Global Day of Code Retreat 2013
Global Day of Code Retreat 2013
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Whatever new awaits you, begin it here. In an entirely reimagined Jira.
Like for every year in December, it's almost time for the Global Day of Code Retreat. This year more than 160 local Code Retreat events are registered, for a grand total of more than 3000 developers participating.
What is a Code Retreat
A Code Retreat is a small event where from 10 to 30 developers exercise in 6 iterations on implementing the Game of Life (the reference exercise). The goal of the event is for developers to learn that deliberate practice is necessary to improve, and to see several new approaches, languages and tools to exercise on in the near future.
Talent is overrated: while sprinters need the DNA to become top-level performers, the knowledge workers and in particular the programmers talent comes from practice that is challenging (not easy to perform), repeatable (to automate the movements in our brain and muscles) and subject to feedback from other on how to improve.
In the Code Retreat, the challenge is ensured by constraints on the problem (such as not using conditionals, or working in strict TDD if you have never done it before.) The repeatability is instilled by the 1-hour sessions at the end of which all code is deleted. The feedback is provided via mandatory pair programming and during a 10-minute retrospective at the end of each session.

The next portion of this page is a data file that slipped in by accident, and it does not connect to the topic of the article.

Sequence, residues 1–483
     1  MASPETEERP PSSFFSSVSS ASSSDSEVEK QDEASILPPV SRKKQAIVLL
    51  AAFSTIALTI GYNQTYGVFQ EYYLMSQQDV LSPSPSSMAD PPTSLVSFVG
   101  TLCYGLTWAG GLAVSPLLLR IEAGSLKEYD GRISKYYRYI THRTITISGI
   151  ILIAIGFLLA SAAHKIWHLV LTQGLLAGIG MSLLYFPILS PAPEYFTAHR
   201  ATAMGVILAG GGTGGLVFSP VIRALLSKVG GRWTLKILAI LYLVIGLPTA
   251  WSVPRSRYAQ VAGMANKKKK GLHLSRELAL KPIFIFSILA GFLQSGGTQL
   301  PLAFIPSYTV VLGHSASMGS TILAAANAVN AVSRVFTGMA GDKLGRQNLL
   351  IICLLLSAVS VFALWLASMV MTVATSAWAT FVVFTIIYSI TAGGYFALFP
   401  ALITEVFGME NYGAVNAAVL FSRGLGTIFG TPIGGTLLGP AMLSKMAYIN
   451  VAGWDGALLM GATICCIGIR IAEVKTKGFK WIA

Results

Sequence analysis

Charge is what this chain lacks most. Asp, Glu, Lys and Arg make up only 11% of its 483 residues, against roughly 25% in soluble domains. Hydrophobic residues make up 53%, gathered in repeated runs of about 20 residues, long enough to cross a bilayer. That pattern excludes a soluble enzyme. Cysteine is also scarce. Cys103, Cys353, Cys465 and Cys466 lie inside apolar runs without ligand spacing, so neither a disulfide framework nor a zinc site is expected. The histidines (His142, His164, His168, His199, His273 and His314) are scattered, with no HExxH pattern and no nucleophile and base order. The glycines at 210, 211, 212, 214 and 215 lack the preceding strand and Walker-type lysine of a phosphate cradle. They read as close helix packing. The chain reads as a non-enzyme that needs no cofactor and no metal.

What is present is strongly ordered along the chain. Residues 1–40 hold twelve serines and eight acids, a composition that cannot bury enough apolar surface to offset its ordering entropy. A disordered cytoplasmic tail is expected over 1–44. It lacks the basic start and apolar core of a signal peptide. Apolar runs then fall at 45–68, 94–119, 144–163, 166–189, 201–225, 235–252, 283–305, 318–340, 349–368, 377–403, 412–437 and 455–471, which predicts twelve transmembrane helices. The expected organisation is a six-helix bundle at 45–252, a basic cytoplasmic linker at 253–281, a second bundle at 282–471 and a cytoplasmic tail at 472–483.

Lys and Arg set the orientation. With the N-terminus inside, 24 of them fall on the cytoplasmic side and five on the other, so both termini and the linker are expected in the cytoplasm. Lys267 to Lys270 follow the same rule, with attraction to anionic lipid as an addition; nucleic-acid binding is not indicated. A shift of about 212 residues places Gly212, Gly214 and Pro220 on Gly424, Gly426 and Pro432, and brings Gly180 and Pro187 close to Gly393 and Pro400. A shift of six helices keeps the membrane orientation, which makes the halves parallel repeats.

The Game of Life
The problem to solve has interesting properties. It's part of the cellular automata category, and consists of a potentially infinite 2-dimensional board composed of square cells that can be in an alive or dead state. Being the cell squares, each has 8 neighbors.
In discrete steps of time, each generation of cells evolve into the next generation, according to the 3 rules:
- if an alive cell has less than 2 alive neighbors, it dies of solitude.
- If an alive cell has more than 3 alive neighbors, it dies of overcrowding.
- If a dead cell has exactly 3 alive neighbors, it comes to life of warmth.
These 3 simple rules result in an emergent behavior which produces interesting patterns on the board, whose population remain stable over time. If you change them a little bit, the pattern usually explode to take over the entire board or disappear after a few iterations to leave behind a dead world.
Usually what is of interest in the Code Retreat is to build an engine that is capable of simulating in memory the behavior of some cells or even the infinite plane. The user interface can be added later and if there is enough time, since the automated tests already give feedback on the working state of the code.
It's not easy to solve the Game of Life problem and build a complete simulation of it in the allotted 45 minutes, but that is not the point nor the difficulty level to strive for. Difficulty should be in working in a clean style with respect to the quick&dirty style diffused in our industry; the quick part will come back later when we have learned to do things well.
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